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Viewing: CE 557 : Engineering Measurement and Data Analysis

Last approved: Tue, 16 Jan 2018 21:15:58 GMT

Last edit: Tue, 16 Jan 2018 21:15:49 GMT

Change Type
CE (Civil Engineering)
Dual-Level Course
Cross-listed Course
Engineering Measurement and Data Analysis
Engr. Meas. and Data Analysis
College of Engineering
Civil Engineering (14CE)
Term Offering
Fall Only
Offered Every Year
Fall 2018
Previously taught as Special Topics?
Course Prefix/NumberSemester/Term OfferedEnrollment
Course Delivery
Face-to-Face (On Campus)

Grading Method
Contact Hours
(Per Week)
Component TypeContact Hours
Course Attribute(s)

If your course includes any of the following competencies, check all that apply.
University Competencies

Course Is Repeatable for Credit
Andrew Grieshop
Assistant Professor

Open when course_delivery = campus OR course_delivery = blended OR course_delivery = flip
Enrollment ComponentPer SemesterPer SectionMultiple Sections?Comments
Lecture and Lab1212NoOne limitation to enrollment has been that course is listed as a 'Environmental Engineering Special Topics' Course, even though material is not specific to environmental engineering. I anticipate having a course number may help with this confusion.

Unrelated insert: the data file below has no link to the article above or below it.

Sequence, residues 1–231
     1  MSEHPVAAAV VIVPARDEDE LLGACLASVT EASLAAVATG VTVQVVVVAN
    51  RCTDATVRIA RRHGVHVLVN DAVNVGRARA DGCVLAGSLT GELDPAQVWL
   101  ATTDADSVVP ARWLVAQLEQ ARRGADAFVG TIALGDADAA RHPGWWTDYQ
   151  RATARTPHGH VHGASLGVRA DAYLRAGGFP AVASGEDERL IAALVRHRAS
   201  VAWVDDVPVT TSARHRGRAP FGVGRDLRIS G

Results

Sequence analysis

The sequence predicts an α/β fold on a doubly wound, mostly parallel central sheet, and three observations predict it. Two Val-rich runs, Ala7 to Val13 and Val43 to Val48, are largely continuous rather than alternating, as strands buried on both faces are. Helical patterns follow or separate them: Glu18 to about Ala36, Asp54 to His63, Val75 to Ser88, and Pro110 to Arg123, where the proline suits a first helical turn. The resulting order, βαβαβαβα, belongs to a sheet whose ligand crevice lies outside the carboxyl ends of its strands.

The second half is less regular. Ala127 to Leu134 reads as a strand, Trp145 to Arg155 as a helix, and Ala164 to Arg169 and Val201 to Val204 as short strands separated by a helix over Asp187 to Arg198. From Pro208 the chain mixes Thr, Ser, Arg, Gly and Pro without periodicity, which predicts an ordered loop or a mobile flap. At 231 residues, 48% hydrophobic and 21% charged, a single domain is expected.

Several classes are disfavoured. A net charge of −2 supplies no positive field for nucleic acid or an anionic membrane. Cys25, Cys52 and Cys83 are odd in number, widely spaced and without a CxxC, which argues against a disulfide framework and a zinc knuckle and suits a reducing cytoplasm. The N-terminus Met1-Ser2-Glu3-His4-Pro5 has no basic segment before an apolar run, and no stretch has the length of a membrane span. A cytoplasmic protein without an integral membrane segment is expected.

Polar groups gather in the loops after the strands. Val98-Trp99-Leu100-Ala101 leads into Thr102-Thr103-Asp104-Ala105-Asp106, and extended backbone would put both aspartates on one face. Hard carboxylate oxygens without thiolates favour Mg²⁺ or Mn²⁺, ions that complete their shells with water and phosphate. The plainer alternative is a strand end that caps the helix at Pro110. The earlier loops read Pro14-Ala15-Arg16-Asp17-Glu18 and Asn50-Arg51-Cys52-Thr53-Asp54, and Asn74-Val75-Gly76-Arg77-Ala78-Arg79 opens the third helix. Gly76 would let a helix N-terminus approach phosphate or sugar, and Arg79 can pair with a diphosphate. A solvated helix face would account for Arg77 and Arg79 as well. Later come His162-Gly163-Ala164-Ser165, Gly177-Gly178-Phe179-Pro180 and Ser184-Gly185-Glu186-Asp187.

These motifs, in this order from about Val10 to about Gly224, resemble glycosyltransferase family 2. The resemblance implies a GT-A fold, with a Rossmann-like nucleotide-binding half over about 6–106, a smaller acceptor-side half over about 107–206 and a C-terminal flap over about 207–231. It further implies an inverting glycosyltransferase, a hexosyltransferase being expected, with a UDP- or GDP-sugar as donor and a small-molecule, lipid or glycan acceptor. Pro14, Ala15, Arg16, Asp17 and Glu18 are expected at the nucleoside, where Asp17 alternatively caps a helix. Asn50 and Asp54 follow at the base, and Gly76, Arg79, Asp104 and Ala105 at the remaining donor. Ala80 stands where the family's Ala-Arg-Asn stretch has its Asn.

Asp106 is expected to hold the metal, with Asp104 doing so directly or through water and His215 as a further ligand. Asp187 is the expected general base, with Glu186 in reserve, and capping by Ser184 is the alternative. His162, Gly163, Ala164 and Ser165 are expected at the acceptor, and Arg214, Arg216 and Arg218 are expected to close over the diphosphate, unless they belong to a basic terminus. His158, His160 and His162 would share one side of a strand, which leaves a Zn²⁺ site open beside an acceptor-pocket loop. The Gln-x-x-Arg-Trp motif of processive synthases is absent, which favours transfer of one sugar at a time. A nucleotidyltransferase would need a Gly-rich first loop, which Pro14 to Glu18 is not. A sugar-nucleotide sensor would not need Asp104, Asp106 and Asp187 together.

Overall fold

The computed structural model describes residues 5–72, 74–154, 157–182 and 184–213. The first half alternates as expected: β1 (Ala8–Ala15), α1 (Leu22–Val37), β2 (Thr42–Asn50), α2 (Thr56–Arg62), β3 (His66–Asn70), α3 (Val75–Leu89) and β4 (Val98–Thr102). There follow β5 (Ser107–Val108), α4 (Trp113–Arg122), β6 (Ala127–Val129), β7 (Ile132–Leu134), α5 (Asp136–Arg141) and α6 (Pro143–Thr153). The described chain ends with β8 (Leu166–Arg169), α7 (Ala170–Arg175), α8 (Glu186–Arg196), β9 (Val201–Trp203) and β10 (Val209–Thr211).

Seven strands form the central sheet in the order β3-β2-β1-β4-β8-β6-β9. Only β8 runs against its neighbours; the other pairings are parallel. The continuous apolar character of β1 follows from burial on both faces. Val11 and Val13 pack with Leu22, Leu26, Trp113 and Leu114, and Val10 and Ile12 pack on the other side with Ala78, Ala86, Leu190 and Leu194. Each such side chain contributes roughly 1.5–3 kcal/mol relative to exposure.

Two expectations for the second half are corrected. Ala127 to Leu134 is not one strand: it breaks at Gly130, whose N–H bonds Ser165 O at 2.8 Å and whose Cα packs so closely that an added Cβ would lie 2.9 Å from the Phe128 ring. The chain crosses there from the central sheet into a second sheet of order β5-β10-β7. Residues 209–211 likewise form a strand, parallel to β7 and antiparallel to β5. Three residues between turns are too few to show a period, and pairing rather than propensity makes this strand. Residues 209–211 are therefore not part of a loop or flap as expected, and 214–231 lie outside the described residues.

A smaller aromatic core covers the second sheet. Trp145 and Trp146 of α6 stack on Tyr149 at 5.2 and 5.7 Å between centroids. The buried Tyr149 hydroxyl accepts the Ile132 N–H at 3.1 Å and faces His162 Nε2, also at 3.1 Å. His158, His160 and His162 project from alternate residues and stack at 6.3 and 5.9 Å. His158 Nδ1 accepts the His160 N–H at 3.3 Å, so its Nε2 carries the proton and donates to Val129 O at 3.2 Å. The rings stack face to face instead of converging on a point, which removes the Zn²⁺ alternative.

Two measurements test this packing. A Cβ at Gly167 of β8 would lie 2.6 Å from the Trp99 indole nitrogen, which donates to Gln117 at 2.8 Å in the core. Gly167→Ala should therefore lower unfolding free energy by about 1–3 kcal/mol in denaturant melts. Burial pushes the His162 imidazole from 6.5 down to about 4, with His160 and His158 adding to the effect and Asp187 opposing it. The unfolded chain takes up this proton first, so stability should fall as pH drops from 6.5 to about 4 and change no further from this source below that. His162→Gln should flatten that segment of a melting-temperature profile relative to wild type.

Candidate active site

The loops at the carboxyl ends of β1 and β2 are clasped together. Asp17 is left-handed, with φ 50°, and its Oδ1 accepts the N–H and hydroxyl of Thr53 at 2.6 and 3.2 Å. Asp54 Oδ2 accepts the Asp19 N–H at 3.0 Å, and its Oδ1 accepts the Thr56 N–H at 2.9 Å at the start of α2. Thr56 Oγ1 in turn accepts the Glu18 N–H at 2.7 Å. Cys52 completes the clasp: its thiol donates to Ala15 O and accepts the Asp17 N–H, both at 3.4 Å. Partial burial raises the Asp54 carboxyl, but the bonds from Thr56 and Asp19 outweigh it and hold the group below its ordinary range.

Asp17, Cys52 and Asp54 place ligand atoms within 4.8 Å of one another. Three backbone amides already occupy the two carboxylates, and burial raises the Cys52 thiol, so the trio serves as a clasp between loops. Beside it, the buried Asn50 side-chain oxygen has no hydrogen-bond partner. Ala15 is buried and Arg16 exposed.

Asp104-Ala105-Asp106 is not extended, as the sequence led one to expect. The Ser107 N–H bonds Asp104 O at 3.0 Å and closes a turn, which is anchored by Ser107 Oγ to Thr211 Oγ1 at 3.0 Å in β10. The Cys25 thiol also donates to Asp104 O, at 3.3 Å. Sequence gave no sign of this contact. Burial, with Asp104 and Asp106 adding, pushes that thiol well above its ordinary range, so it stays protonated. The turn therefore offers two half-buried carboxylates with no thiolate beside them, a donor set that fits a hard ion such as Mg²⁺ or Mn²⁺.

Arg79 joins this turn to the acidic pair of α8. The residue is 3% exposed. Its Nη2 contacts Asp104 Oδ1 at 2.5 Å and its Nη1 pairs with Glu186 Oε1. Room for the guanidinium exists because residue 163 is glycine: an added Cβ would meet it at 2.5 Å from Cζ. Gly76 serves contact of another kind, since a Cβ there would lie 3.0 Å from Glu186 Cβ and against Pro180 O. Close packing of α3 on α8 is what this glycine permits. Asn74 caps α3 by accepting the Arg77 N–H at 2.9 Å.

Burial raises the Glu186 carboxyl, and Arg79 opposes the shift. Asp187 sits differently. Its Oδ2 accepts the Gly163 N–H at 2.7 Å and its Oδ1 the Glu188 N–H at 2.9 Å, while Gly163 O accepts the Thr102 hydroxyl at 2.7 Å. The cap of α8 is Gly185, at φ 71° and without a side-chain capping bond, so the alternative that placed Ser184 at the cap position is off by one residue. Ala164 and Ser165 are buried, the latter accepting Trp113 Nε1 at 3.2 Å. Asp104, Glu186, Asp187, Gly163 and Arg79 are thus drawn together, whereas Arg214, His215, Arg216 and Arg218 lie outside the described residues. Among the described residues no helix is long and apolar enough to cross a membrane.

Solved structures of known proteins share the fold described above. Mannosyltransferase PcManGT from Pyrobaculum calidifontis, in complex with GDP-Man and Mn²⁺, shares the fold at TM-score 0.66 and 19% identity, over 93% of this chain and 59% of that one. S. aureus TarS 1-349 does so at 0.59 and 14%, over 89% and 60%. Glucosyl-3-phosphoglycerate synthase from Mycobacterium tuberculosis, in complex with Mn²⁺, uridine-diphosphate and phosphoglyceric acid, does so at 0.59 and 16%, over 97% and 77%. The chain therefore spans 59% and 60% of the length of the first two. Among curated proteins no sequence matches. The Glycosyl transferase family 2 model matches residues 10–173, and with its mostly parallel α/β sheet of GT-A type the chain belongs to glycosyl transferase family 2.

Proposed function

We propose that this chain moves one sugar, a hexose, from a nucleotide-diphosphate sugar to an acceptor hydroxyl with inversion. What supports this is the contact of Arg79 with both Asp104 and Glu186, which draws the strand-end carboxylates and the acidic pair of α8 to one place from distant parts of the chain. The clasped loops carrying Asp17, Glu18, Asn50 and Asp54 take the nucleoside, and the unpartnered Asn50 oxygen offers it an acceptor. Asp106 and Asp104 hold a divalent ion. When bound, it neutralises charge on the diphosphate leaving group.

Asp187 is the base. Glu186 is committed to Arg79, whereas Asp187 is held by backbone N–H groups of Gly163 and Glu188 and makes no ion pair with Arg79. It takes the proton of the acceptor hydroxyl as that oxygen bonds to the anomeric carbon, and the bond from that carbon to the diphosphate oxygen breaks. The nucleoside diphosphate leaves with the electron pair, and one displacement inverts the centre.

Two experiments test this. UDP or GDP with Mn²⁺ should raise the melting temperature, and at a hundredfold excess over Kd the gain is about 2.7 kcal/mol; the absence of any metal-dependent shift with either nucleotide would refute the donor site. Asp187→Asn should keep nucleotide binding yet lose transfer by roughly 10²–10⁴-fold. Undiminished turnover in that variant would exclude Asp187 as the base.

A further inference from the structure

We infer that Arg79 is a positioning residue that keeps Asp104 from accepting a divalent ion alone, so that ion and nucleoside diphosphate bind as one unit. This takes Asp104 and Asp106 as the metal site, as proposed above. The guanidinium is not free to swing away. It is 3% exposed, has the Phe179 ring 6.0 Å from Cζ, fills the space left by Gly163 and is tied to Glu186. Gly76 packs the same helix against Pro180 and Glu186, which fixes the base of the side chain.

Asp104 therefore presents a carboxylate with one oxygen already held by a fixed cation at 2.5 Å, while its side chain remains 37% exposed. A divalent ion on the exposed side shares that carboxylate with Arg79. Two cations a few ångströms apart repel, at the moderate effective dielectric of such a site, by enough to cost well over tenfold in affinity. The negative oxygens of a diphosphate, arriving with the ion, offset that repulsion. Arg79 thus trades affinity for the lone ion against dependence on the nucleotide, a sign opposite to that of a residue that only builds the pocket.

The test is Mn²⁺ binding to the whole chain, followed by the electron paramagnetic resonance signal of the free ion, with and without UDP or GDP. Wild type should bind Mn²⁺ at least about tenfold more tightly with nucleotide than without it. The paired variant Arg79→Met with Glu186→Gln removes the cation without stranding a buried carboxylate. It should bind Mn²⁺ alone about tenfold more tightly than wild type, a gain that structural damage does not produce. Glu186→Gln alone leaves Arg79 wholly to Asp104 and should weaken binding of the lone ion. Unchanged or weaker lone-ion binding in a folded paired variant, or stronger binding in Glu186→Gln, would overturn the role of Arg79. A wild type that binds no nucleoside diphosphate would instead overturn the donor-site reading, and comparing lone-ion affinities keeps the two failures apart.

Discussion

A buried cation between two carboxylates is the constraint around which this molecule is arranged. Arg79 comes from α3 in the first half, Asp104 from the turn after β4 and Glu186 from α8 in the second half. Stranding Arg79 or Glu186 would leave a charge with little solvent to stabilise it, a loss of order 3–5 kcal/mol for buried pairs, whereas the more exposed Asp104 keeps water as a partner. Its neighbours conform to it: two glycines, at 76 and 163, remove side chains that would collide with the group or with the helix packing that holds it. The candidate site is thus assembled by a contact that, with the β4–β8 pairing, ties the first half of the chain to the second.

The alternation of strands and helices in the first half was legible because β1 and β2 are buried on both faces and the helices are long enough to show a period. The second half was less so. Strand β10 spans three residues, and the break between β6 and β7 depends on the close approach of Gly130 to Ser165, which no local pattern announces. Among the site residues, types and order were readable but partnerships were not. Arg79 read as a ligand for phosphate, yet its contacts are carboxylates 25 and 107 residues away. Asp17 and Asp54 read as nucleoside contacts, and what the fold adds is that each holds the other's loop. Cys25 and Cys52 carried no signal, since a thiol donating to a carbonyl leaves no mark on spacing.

Open when course_delivery = distance OR course_delivery = online OR course_delivery = remote

Is the course required or an elective for a Curriculum?
The course will introduce students to fundamentals of experimental design, measurement systems and applied data analysis techniques and includes 'hands-on' laboratory exercises with sensors and computer-based data acquisition. Emphasis is on general concepts and their practical application towards engineering problems. The goal of the class is to build needed background, skills and vocabulary to develop students' experimental practice rather than focusing on the underlying fundamentals of distinct areas. Students will develop more topic/media-specific knowledge through a team experimental project. Prerequisites include a course in statistics (e.g. ST 370, ST 515 or equivalent) and some coursework or experience involving scientific programming (e.g. CE 536 or 537; Matlab, Python, R, Igor Pro, IDL). Appropriate background can be determined via discussion with instructor.

Sensors and computer-based data acquisition have become ubiquitous in all engineering research, yet incoming graduate students in Civil and Environmental Engineering  do not necessarily get exposed to such systems during undergraduate lab experiences. Likewise, students often have limited exposure to good practices in analysis and graphical presentation of measurement data from such systems. This course aims to equip students in these programs with tools and background that can be applied in all engineering measurement applications, regardless of the specific area or media (e.g. environmental media, engineering materials, geotechnical engineering) of their research or professional plans. The special topics course has been taken by Civil and Environmental Engineering students, as well as several students from Marine Earth and Atmospheric Sciences.